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Dorothy Sayers on Gay Marriage? The Other Six Deadly Sins

This post has Christians in mind who support traditional marriage.  Gay marriage proponents and non-Christians are not in view.  Read the following with this in mind.


Recent developments on the ‘gay marriage’ front, and developments over the last decade, reminded me of an essay written by that insightful Christian critic Dorothy Sayers way back in the 1940s.  Here is the relevant portion:

The Other Six Deadly Sins

Perhaps the bitterest commentary on the way in which Christian doctrine has been taught in the last few centuries is the fact that to the majority of people the word immorality has come to mean one thing and one thing only.  By a hideous irony, our shrinking reprobation of that sin has made us too delicate so much as to name it, so that we have come to use for it words that were made to cover the whole range of human corruption.  A man may be greedy and selfish; spiteful, cruel, jealous, and unjust; violent and brutal; grasping, unscrupulous, and a liar;  stubborn and arrogant; stupid, morose, and dead to every noble instinct–and still we are ready to say of him that he is not an immoral man.  I am reminded of a young man who once said to me in perfect simplicity:  “I did not know there were seven deadly sins;  please tell me the names of the other six.”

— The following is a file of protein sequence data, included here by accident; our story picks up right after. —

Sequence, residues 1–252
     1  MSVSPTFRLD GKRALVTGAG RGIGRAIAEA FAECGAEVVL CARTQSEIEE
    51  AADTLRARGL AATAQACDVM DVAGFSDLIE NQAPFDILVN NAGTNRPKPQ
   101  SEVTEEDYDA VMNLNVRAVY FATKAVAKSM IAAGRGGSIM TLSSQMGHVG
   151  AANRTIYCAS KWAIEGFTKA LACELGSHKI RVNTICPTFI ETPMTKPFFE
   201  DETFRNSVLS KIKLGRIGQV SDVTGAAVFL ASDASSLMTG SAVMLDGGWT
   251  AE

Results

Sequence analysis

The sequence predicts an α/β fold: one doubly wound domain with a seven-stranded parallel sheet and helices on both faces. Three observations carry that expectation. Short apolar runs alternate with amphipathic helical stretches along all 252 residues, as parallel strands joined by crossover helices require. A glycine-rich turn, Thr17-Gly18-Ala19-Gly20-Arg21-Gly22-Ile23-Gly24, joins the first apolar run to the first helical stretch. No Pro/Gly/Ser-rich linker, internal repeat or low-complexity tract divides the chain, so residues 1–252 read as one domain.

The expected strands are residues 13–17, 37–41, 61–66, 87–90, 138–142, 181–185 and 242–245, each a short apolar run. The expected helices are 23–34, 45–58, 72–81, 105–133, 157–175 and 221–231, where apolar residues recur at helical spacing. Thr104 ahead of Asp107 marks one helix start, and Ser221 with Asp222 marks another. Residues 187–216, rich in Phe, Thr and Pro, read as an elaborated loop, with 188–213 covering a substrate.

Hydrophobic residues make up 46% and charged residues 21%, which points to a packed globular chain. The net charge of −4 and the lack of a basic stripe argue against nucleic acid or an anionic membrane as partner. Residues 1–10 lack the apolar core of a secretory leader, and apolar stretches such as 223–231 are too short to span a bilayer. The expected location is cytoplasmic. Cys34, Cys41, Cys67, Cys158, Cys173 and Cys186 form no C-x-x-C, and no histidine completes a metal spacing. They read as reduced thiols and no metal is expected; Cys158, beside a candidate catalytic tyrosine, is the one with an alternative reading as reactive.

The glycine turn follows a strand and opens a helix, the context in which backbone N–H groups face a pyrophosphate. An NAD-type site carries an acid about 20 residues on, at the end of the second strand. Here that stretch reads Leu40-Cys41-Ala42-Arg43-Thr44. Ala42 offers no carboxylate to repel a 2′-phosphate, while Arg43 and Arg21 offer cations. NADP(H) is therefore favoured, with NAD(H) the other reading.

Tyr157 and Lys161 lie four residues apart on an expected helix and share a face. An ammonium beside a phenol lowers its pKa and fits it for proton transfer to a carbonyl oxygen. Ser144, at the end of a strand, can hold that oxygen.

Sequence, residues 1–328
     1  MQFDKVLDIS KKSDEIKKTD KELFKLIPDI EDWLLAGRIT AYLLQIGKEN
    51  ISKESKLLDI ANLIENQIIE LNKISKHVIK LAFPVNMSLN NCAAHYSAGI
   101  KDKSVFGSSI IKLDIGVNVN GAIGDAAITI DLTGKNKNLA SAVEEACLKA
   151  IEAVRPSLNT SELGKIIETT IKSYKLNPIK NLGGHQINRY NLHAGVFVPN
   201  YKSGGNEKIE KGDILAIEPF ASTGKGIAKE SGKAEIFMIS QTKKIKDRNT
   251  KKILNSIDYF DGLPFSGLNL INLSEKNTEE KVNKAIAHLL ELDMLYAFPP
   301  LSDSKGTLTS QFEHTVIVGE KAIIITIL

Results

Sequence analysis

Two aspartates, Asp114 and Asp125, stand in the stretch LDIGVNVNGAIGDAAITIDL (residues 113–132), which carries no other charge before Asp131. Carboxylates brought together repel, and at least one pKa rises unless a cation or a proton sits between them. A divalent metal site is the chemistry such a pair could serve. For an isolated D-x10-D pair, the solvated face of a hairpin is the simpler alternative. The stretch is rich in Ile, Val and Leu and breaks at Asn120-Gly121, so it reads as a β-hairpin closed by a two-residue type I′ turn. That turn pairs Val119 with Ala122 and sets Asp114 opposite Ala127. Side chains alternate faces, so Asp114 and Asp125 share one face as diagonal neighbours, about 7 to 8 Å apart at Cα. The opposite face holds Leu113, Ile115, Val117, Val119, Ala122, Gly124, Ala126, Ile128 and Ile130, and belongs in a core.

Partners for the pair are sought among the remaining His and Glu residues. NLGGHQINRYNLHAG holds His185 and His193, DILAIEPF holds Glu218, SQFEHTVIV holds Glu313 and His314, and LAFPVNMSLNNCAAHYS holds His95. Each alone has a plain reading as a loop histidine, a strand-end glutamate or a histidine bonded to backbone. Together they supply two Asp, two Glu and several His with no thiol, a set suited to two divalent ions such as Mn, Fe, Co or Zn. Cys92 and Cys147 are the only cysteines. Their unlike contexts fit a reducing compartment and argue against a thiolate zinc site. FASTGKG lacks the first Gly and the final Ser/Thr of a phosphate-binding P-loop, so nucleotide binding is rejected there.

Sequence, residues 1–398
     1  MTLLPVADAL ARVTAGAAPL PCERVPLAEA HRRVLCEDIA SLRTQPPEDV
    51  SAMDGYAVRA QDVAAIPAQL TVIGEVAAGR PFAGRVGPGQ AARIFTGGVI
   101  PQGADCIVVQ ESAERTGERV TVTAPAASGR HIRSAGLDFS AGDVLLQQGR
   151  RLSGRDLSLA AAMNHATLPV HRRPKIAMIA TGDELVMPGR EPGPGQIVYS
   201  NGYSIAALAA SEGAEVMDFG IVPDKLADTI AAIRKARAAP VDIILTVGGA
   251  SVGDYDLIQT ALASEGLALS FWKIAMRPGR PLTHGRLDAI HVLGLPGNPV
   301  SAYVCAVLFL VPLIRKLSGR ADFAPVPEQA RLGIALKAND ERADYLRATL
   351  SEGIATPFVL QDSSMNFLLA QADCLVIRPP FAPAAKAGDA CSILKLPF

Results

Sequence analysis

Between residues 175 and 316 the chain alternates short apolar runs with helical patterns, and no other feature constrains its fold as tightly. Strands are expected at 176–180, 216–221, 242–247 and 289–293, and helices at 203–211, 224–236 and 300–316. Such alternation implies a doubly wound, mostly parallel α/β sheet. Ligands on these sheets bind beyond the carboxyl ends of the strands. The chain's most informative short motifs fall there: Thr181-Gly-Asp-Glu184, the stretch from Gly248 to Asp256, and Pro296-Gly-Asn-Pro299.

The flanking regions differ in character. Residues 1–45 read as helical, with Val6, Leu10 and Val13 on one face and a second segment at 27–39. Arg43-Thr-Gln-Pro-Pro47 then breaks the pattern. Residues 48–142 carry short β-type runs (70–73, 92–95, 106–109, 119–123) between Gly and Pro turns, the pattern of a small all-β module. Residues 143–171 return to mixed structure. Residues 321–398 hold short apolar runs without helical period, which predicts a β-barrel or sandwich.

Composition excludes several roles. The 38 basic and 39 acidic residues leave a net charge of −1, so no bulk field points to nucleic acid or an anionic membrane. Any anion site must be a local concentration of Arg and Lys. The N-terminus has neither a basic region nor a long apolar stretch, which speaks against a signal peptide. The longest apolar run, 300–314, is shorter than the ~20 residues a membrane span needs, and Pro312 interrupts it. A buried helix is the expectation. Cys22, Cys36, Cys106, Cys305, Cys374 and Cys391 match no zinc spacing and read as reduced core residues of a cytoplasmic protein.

About the sin called luxuria or lust, I shall therefore say only three things.  First, that it is a sin, and that it ought be called plainly by its own name, and neither huddled away under a generic term such as immorality, nor confused with love.

Secondly, that up till now the Church, in hunting down this sin, has had the active alliance of Caesar, who has been concerned to maintain family solidarity and the orderly devolution of property in the interests of the state.  But now that contract and not status is held to be the basis of society, Caesar need no longer rely on the family to maintain social solidarity; and now that so much property is held anonymously by trusts and joint stock companies, the laws of inheritance lose a great deal of their importance.  Consequently, Caesar is now much less interested than he was in the sleeping arrangements of his citizens, and has in this manner cynically denounced his alliance with the Church.  This is a warning against putting one’s trust in any child of man–particularly in Caesar.  If the Church is to continue her campaign against lust, she must do so on her own–that is, on sacramental–grounds; and she will have to do it, if not in defiance of Caesar, at least without his assistance.

Quoted out of The Whimsical Christian.

I concur.

My friends, if this was the case in the 1940s, and I suppose it probably was, then I think we can safely say we are at this point today.    Regardless of what SCOTUS says this June, I suggest we consider making an orderly retreat, and then….


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